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Pansy Ho's Recent Move Raises Questions About MGM China Stake, But Sale Unlikely Amid Market Dynamic

In a strategic maneuver that has sparked speculation, Pansy Ho, co-chairperson of MGM China and daughter of Macau casino tycoon Stanley Ho, has recently taken action by depositing her entire equity interest of 380 million shares in MGM China into the Hong Kong Exchange's Central Clearing and Settlement System (CCASS).

Pansy Ho's Recent Move Raises Questions About MGM China Stake, But Sale Unlikely Amid Market Dynamic

While this move has raised eyebrows and prompted questions about a potential sale, MGM China has moved to clarify that it played no direct role in the transactions, emphasizing that they were part of existing arrangements between Ho and her banking partners.

As a significant figure in MGM China, Ho not only holds the position of co-chairperson but also serves as the managing director and maintains a 15% ownership stake in MGM Grand Paradise. This entity holds the license for MGM China's two integrated resorts in Macau. Despite having realized $1.5 billion from MGM China's IPO in 2011, Ho has generally exhibited a tendency to hold onto her shares, without a historical precedent of engaging in substantial stock sales. Although she has gradually reduced her stake in MGM Resorts International since 2019, she still retains a substantial position within MGM China.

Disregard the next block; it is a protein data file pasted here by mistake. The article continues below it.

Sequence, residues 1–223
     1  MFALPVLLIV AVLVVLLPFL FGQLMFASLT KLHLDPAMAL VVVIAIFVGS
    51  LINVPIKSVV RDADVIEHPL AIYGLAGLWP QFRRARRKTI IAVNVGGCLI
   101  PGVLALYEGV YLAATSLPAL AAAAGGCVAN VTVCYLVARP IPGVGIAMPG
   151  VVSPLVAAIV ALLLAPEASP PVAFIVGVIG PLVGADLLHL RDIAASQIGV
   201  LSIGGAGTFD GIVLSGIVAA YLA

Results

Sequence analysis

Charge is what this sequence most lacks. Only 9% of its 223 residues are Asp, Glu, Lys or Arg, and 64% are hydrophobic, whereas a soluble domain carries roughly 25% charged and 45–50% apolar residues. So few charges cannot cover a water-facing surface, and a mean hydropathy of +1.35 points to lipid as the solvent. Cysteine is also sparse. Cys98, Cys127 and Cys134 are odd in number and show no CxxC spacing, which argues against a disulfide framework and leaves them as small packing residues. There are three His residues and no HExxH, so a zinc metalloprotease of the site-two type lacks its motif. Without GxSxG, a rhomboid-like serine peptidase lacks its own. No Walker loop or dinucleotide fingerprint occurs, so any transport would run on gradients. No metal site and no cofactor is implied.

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The recent transfer of her shares into CCASS could be interpreted as a strategic move to enhance operational efficiency and reduce settlement times, potentially setting the stage for future transactions. Even if this were considered a precursor to a sale, Ho would likely exercise caution regarding the timing, particularly in light of the recent downturn in Macau casino stocks. Notably, MGM China has emerged as an exception in these challenging market conditions, with shares of other concessionaires hitting their lowest levels since early 2022.

Considering Ho's historical reluctance to execute large-scale sales and the current subdued valuations of Macau casino stocks, any prospective divestment would likely be a carefully considered strategic move. Ho, attuned to the intricacies of market dynamics, would aim to sidestep the pitfalls of "selling low" in an environment where historical valuation risks have notably been mitigated.



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